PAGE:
Looking more deeply, the book isn’t just another surf on the zeitgeist, but is theoretically well-grounded.  At one point early on, they say, “The villain in this book is the silo.”  On reading this (nicely turned phrase), I was reminded of the “experience curve” business strategy concept I learned at Bain & Company many years ago.  The experience curve, based on the idea that the more you make and sell of something, the better you (should) get at it, describes a fairly predictable mathematical relationship between experience and cost, and therefore between relative market share and profit margins.  One of the ways you can maximize experience is through functional specialization, which of course has the side effect of encouraging the development of organizational silos.  A hidden assumption in this strategy is that customer needs and associated attention spans stay pinned down and stable long enough to achieve experience-driven profitable ways to serve them.  But in today’s super-fragmented, hyper-connected, kaleidoscopic marketplace, this assumption breaks down, and the way to compete shifts from capturing experience through specialization, to generating experience “at-bats” through speedy iteration, innovation, and execution.  And this latter competitive mode relies more on the kind of cross-disciplinary integration that Bob and Ray describe so richly.

The book is a quick, engaging read, full of good stories drawn from their extensive experiences with blue-chip brands and interesting upstarts, and with some useful bits of historical analysis that frame their arguments well (in particular, I Iiked their exposition of the television upfront).  But maybe the best thing I can say about it is that it encouraged me to push harder and faster to stay in front of the future that’s already here.  Or, as a friend says, “We gotta get with the ‘90’s, they’re almost over!”

(See this review and buy the book on Amazon.com)


April 10, 2013

Fooling Around With Google App Engine @googlecloud

A simple experiment: the "Influence Reach Factor" Calculator. (Um, it just multiplies two numbers together.  But that's beside the point, which was to sort out what it's like to build and deploy an app to Google's App Engine, their cloud computing service.)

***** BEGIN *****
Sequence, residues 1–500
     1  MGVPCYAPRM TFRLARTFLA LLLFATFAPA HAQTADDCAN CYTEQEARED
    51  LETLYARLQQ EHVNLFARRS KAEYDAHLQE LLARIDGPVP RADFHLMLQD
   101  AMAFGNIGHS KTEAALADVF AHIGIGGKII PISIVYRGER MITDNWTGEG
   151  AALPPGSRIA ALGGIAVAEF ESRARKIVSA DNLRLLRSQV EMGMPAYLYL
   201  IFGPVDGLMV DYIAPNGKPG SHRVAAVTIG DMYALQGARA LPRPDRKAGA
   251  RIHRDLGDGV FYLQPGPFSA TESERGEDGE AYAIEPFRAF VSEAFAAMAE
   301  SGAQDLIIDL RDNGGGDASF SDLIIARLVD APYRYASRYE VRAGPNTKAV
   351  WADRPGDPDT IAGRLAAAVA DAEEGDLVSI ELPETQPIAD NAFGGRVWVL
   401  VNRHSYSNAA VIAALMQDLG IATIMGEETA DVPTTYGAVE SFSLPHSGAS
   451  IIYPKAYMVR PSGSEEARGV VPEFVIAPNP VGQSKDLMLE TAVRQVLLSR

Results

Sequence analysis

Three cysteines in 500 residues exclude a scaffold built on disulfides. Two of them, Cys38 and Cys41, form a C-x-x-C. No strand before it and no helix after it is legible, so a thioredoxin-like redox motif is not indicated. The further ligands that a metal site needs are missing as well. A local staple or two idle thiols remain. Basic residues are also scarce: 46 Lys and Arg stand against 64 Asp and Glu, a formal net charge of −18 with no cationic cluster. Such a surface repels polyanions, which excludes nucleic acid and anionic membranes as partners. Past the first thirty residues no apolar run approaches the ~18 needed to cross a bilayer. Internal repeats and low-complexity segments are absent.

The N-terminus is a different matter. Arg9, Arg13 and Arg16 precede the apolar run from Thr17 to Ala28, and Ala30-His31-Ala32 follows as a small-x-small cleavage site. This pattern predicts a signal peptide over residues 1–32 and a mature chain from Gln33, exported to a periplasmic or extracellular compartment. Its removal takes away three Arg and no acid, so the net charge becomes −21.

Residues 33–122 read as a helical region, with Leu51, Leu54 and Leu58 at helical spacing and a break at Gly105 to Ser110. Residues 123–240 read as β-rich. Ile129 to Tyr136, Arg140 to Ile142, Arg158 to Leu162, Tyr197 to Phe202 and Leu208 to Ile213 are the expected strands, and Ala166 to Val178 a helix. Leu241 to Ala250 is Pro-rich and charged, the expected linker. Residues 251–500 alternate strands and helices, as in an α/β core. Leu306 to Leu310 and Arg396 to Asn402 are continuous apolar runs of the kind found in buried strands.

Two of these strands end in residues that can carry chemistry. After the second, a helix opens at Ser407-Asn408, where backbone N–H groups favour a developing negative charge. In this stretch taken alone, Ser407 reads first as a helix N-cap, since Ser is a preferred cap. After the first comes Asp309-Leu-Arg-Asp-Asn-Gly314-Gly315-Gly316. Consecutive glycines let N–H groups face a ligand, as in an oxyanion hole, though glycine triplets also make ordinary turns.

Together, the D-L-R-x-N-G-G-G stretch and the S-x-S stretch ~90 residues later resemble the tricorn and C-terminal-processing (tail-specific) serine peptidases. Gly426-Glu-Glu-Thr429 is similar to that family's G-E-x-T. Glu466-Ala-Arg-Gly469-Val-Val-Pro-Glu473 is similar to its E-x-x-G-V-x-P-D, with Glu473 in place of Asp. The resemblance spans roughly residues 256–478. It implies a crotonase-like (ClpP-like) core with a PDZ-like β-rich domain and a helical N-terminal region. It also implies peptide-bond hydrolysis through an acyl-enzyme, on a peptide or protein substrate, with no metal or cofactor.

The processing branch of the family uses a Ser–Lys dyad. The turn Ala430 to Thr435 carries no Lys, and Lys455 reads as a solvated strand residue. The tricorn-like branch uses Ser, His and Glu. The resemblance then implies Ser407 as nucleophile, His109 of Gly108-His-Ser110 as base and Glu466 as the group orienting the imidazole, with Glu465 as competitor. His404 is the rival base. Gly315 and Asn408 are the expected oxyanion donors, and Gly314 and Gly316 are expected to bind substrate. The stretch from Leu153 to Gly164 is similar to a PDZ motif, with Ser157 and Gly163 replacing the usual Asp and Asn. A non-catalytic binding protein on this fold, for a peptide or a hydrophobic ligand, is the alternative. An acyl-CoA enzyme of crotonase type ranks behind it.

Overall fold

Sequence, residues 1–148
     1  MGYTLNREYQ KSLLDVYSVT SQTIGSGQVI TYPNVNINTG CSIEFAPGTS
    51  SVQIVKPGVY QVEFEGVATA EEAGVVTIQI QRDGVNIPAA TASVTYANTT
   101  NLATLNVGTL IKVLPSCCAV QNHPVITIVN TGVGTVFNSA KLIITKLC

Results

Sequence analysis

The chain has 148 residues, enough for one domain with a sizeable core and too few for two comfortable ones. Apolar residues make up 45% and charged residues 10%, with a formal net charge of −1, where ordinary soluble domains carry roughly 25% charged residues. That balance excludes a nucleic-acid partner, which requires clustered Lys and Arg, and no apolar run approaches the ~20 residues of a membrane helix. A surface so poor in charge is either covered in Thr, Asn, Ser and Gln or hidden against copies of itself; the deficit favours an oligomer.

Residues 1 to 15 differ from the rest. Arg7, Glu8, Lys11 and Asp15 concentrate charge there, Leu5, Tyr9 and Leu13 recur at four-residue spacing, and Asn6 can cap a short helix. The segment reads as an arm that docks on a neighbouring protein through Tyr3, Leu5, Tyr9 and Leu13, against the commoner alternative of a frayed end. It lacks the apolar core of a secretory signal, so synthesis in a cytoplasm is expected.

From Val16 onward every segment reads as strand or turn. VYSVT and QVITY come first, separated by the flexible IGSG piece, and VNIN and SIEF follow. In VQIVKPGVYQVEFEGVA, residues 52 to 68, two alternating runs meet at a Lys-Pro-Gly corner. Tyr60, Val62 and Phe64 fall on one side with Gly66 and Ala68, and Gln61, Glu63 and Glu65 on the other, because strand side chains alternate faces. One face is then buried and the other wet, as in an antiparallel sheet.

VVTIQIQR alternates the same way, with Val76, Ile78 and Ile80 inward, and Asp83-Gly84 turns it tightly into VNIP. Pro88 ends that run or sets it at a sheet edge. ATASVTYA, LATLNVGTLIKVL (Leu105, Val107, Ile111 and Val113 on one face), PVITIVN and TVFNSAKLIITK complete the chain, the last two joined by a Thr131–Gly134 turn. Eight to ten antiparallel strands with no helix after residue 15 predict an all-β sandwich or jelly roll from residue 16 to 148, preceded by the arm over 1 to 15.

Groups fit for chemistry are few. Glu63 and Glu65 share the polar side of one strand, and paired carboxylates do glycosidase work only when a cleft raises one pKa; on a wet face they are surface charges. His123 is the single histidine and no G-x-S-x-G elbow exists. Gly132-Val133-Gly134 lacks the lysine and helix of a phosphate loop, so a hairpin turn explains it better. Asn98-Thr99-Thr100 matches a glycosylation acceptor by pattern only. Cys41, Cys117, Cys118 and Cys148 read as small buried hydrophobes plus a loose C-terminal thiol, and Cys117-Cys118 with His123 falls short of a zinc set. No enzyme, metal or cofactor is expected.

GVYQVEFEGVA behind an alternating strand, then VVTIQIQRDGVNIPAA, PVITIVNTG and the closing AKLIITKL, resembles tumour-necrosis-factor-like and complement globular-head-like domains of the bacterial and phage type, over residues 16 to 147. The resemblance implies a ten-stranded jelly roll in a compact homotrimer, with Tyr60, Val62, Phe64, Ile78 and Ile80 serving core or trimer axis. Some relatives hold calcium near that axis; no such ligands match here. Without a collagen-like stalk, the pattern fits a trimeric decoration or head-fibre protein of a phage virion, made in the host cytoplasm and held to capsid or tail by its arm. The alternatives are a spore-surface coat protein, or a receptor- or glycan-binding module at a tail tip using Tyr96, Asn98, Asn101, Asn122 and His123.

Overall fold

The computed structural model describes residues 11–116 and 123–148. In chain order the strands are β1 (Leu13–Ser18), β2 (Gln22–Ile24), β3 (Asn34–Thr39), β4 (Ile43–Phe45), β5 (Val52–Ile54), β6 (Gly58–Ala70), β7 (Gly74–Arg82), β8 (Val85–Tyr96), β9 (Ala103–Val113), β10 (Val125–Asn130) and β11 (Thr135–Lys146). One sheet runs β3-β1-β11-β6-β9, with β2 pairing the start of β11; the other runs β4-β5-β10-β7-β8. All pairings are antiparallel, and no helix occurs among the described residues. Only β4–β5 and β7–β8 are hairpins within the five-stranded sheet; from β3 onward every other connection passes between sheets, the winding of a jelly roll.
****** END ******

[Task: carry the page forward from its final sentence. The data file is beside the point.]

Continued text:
Answer: pretty easy.  Download the App Engine SDK.  Write your program (mine's in Python, code here, be kind, props and thanks to Bukhantsov.org for a good model to work from).  Deploy to GAE with a single click.

By contrast, let's go back to 1999.  As part of getting up to speed at ArsDigita, I wanted to install the ArsDigita Community System (ACS), an open-source application toolkit and collection of modules for online communities.  So I dredged up an old PC from my basement, installed Linux, then Postgres, then AOLServer, then configured all of them so they'd welcome ACS when I spooled it up (oh so many hours RTFM-ing to get various drivers to work).  Then once I had it at "Hello World!" on localhost, I had to get it networked to the Web so I could show it to friends elsewhere (this being back in the days before the cable company shut down home-served websites).  

At which point, cue the Dawn Of Man.

Later, I rented servers from co-los. But I still had to worry about whether they were up, whether I had configured the stack properly, whether I was virus-free or enrolled as a bot in some army of darkness, or whether demand from the adoring masses was going to blow the capacity I'd signed up for. (Real Soon Now, surely!)

Now, Real Engineers will say that all of this served to educate me about how it all works, and they'd be right.  But unfortunately it also crowded out the time I had to learn about how to program at the top of the stack, to make things that people would actually use.  Now Google's given me that time back.

Why should you care?  Well, isn't it the case that you read everywhere about how you, or at least certainly your kids, need to learn to program to be literate and effective in the Digital Age?  And yet, like Kubrick's monolith, it all seems so opaque and impenetrable.  Where do you start?  One of the great gifts I received in the last 15 years was to work with engineers who taught me to peel it back one layer at a time.  My weak effort to pay it forward is this small, unoriginal advice: start by learning to program using a high-level interpreted language like Python, and by letting Google take care of the underlying "stack" of technology needed to show your work to your friends via the Web.  Then, as your functional or performance needs demand (which for most of us will be rarely), you can push to lower-level "more powerful" (flexible but harder to learn) languages, and deeper into the stack.

April 06, 2013

Dazed and Confused #opensource @perryhewitt @oreillymedia @roughtype @thebafflermag @evgenymorozov

Earlier today, my friend Perry Hewitt pointed me to a very thoughtful essay by Evgeny Morozov in the latest issue of The Baffler, titled "The Meme Hustler: Tim O'Reilly's Crazy Talk".